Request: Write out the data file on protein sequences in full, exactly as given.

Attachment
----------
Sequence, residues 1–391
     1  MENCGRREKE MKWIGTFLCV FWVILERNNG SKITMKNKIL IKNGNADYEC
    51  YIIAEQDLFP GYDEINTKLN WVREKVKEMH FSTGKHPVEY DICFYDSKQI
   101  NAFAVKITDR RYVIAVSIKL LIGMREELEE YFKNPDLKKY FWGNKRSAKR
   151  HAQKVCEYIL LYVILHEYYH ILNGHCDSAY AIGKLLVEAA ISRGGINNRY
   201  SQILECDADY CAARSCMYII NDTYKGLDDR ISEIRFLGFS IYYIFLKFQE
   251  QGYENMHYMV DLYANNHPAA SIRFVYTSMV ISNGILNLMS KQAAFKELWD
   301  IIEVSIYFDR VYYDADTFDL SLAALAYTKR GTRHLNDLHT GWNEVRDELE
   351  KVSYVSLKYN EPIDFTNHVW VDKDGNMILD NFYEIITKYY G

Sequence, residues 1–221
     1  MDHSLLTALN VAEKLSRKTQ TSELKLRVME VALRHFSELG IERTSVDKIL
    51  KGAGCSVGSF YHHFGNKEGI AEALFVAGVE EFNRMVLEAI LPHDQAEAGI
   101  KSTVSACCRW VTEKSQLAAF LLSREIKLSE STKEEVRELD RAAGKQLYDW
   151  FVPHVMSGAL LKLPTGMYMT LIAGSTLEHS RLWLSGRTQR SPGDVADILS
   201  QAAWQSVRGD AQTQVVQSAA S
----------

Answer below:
Sequence, residues 1–391
     1  MENCGRREKE MKWIGTFLCV FWVILERNNG SKITMKNKIL IKNGNADYEC
    51  YIIAEQDLFP GYDEINTKLN WVREKVKEMH FSTGKHPVEY DICFYDSKQI
   101  NAFAVKITDR RYVIAVSIKL LIGMREELEE YFKNPDLKKY FWGNKRSAKR
   151  HAQKVCEYIL LYVILHEYYH ILNGHCDSAY AIGKLLVEAA ISRGGINNRY
   201  SQILECDADY CAARSCMYII NDTYKGLDDR ISEIRFLGFS IYYIFLKFQE
   251  QGYENMHYMV DLYANNHPAA SIRFVYTSMV ISNGILNLMS KQAAFKELWD
   301  IIEVSIYFDR VYYDADTFDL SLAALAYTKR GTRHLNDLHT GWNEVRDELE
   351  KVSYVSLKYN EPIDFTNHVW VDKDGNMILD NFYEIITKYY G

Sequence, residues 1–221
     1  MDHSLLTALN VAEKLSRKTQ TSELKLRVME VALRHFSELG IERTSVDKIL
    51  KGAGCSVGSF YHHFGNKEGI AEALFVAGVE EFNRMVLEAI LPHDQAEAGI
   101  KSTVSACCRW VTEKSQLAAF LLSREIKLSE STKEEVRELD RAAGKQLYDW
   151  FVPHVMSGAL LKLPTGMYMT LIAGSTLEHS RLWLSGRTQR SPGDVADILS
   201  QAAWQSVRGD AQTQVVQSAA S